Spousal and survivor’s benefits

Spousal benefits

You may be able to receive Social Security spousal benefits if:

  • You are at least 62 years of age, and
  • Your spouse or ex-spouse is receiving or is eligible for Social Security retirement or disability benefits

If you’re married

You can collect Social Security based on your own earnings history or receive a spousal benefit equal to up to 50% of your spouse’s benefit. (Spousal benefits are not increased if you postpone taking them past your full retirement age.)

If you’re divorced

If you are divorced, you can receive Social Security benefits starting at age 62 based on your ex’s earnings record, as long as you were married at least 10 years. Once you remarry, though, you generally can’t keep collecting benefits on your former spouse’s earnings record unless your current marriage ends.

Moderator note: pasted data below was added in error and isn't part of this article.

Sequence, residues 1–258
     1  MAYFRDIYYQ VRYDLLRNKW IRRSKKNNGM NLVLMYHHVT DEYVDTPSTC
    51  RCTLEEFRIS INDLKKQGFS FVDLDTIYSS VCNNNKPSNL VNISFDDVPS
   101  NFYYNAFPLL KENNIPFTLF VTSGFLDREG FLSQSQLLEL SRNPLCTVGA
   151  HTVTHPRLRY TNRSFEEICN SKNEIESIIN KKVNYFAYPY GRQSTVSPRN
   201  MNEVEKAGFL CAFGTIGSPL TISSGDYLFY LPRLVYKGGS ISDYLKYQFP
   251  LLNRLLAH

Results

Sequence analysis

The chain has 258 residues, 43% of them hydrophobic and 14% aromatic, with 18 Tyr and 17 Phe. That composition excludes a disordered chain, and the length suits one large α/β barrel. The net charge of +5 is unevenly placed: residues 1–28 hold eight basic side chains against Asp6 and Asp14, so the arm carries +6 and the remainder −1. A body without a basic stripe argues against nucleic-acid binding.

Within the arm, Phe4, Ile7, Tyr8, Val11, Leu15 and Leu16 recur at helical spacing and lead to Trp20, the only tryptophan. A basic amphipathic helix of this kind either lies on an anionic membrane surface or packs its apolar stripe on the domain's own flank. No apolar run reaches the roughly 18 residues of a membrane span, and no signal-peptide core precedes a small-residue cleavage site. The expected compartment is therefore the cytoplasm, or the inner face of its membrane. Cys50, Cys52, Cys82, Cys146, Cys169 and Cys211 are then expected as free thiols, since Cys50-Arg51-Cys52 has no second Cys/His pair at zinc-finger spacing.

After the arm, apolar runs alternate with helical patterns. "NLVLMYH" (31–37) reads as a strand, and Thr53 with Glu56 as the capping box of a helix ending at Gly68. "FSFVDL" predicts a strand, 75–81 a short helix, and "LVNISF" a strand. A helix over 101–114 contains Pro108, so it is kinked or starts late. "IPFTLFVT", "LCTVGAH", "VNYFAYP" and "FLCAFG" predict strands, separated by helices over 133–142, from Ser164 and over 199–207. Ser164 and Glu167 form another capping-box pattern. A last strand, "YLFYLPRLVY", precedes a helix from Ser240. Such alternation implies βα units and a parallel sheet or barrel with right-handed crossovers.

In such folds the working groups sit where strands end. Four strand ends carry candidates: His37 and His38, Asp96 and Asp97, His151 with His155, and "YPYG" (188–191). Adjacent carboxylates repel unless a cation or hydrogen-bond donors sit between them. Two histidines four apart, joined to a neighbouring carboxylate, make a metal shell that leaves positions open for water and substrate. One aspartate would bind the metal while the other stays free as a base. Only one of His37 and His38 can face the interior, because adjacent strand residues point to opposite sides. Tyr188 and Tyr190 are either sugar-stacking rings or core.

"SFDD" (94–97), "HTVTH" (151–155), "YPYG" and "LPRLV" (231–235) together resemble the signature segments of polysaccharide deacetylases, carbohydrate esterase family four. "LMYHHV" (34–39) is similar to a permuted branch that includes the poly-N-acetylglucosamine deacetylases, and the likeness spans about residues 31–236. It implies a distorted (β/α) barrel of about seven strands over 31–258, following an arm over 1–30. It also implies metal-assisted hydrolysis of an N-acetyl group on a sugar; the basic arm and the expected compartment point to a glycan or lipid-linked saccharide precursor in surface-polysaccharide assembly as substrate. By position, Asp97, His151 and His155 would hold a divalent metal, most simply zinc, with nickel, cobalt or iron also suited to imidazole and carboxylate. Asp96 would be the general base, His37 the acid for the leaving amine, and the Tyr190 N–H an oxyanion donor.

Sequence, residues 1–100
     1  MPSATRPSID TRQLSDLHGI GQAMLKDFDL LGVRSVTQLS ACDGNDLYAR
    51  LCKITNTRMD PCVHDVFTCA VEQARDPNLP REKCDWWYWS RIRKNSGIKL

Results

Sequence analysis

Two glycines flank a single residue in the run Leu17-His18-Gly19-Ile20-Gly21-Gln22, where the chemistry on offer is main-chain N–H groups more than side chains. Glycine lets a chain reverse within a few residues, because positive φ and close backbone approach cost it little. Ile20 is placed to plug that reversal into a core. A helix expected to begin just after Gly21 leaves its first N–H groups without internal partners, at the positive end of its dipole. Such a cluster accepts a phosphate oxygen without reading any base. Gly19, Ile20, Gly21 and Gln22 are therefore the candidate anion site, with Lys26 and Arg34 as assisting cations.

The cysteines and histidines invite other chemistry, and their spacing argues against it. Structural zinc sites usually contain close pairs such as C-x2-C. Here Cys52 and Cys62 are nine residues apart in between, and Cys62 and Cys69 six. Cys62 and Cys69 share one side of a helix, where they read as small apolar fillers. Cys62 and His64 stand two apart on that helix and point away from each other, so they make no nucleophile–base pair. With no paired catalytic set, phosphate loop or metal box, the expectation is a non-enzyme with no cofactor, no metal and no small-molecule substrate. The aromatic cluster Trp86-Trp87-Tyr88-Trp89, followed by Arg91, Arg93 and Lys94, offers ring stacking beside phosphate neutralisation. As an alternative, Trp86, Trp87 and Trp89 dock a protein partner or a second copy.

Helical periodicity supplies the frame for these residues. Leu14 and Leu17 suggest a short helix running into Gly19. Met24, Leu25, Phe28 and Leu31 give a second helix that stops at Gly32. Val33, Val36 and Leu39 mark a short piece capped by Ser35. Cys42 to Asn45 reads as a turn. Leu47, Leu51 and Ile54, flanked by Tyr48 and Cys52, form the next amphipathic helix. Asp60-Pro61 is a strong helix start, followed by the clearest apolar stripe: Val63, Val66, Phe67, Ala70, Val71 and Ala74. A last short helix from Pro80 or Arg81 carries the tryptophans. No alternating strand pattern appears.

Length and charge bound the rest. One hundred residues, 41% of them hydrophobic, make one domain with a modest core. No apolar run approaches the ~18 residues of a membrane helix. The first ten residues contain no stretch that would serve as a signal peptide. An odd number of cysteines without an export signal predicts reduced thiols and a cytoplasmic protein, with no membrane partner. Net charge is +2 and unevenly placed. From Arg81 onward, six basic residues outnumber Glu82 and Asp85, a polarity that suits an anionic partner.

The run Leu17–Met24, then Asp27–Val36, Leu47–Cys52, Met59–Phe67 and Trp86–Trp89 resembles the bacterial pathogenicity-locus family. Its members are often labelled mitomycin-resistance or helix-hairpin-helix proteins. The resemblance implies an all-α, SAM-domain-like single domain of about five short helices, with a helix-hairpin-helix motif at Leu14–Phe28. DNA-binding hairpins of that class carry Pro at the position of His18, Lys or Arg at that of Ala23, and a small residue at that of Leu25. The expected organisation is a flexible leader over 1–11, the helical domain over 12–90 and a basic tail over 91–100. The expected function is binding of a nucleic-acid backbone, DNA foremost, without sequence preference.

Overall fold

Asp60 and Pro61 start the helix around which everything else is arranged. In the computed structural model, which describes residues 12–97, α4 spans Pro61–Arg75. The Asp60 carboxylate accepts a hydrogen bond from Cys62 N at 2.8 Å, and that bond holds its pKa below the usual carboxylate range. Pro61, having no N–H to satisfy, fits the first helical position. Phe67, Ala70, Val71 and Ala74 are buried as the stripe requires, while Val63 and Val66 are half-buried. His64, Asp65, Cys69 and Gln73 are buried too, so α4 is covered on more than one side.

An older couple reading a story to their infant grandchild.

Survivors benefits

If your spouse dies, you can generally receive full Social Security benefits based on your spouse’s earnings record at your full retirement age. Or you can get reduced benefits as early as age 60. You can get reduced benefits at any age if you’re caring for a child who is under 16 or is disabled and receives benefits on the worker’s record. As a surviving spouse, you’re also typically entitled to a one-time death payment.

Your next steps

Visit the Social Security website (ssa.gov) to learn more about spousal or survivors benefits, review your statement, or estimate your benefits.
Or try this benefits calculator at the Social Security website.
Also, meet with your financial advisor to discuss the best time for you (and your spouse, if you’re married) to begin collecting your monthly Social Security checks. It’s a conversation that can pay off over the rest of your life.
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